Radon in natural waters : Analytical Methods; Correlation to Environmental Parameters; Radiation Dose Estimation; and GIS Applications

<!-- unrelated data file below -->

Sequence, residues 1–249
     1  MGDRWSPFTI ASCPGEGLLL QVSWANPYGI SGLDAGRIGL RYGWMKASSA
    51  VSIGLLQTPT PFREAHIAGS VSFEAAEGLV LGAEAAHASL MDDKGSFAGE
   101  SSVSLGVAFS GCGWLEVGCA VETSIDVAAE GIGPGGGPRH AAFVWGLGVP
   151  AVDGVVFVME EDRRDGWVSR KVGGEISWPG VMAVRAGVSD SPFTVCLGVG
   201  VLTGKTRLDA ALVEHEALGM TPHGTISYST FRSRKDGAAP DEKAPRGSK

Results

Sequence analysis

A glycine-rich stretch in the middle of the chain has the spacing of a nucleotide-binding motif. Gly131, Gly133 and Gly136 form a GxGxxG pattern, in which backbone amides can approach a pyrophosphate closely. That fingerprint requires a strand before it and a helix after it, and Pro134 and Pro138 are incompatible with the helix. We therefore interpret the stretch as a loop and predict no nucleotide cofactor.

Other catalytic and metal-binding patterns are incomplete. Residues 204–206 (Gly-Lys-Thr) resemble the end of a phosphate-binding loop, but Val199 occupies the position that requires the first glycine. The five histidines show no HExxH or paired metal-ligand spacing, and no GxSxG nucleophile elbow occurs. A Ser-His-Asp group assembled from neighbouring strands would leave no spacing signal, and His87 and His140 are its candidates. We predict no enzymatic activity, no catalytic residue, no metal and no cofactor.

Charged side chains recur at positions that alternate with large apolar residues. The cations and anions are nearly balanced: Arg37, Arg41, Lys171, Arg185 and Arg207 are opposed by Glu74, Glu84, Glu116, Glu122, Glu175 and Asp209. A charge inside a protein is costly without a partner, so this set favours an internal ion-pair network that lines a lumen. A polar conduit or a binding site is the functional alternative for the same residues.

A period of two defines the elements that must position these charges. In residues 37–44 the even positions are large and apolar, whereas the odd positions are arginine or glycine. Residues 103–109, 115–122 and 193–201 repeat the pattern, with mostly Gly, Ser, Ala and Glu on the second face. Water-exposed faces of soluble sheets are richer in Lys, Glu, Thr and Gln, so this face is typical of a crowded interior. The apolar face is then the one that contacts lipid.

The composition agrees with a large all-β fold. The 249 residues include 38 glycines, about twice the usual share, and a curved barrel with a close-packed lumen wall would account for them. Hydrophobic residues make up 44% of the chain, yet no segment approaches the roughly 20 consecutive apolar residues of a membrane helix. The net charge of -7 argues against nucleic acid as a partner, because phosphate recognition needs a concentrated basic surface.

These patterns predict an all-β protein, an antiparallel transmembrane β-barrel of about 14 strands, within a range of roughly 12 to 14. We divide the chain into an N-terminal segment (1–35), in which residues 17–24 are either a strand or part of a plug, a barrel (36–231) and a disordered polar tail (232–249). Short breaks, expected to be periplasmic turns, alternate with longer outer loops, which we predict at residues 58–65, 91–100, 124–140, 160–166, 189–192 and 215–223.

Abstract: Investigations of radon in natural water and its relation to physical and chemical parameters are outlined in this thesis. In particular, a method for measuring 222Rn in water at low concentrations (~20 mBq.l-1) is described, followed by discussions concerning the design and its application to study both radon and parameters influencing radon levels in natural waters. A topic considered is the impact of fluoride and other aquatic parameters on radon in water. Moreover, variables such as uranium series radionuclides and stable elements in water, bedrock and sediment radioactivity and geology are investigated in two case studies. This was performed by employing radiometric-, chemical-, statistical- and GIS & geostatistical- analyses. The general water chemistry and presence of some elements such as fluoride was observed to influence radon levels in water. Health aspects of radon in drinking water are discussed based on radiation dose assessments. The radiation doses are compared with and added to doses incurred from ingestion of uranium, radium and polonium isotopes in drinking water and inhalation of radon in air in order to estimate total exposures for different age categories. The results may have a potential for future epidemiological studies.
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